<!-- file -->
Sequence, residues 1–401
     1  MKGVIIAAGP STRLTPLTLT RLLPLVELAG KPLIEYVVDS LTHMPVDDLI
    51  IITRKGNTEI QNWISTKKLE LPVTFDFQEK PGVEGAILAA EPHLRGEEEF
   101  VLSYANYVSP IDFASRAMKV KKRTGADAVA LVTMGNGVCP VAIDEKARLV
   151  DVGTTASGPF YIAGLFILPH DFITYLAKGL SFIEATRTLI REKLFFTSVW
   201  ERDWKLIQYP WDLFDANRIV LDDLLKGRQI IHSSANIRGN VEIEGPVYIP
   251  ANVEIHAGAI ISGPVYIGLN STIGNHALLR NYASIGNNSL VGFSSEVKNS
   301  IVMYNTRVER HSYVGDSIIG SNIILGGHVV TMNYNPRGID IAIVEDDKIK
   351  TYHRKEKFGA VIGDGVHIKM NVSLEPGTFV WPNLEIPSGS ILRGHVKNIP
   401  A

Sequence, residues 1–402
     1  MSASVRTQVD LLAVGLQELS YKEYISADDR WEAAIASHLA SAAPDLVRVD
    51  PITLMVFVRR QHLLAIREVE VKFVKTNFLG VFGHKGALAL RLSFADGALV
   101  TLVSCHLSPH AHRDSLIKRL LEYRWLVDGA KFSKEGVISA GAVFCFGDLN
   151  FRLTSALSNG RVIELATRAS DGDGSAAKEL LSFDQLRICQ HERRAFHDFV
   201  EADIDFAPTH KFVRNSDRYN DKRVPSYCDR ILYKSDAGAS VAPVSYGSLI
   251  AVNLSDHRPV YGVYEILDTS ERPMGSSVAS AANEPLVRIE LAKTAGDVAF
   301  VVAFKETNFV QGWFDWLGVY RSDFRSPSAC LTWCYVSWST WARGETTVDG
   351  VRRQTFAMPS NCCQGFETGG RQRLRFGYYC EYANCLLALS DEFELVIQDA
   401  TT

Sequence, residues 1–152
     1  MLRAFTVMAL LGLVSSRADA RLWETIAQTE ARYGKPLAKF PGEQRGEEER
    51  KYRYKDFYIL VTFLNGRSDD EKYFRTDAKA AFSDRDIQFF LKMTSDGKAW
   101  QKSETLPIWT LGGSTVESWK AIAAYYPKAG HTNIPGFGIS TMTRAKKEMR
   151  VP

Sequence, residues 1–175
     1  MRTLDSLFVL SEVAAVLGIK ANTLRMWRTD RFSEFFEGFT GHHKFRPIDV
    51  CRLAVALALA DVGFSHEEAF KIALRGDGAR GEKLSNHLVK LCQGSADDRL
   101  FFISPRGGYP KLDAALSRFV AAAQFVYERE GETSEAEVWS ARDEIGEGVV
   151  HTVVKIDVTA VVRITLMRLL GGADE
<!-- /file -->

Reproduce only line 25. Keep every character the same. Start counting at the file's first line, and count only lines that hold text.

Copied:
   151  VP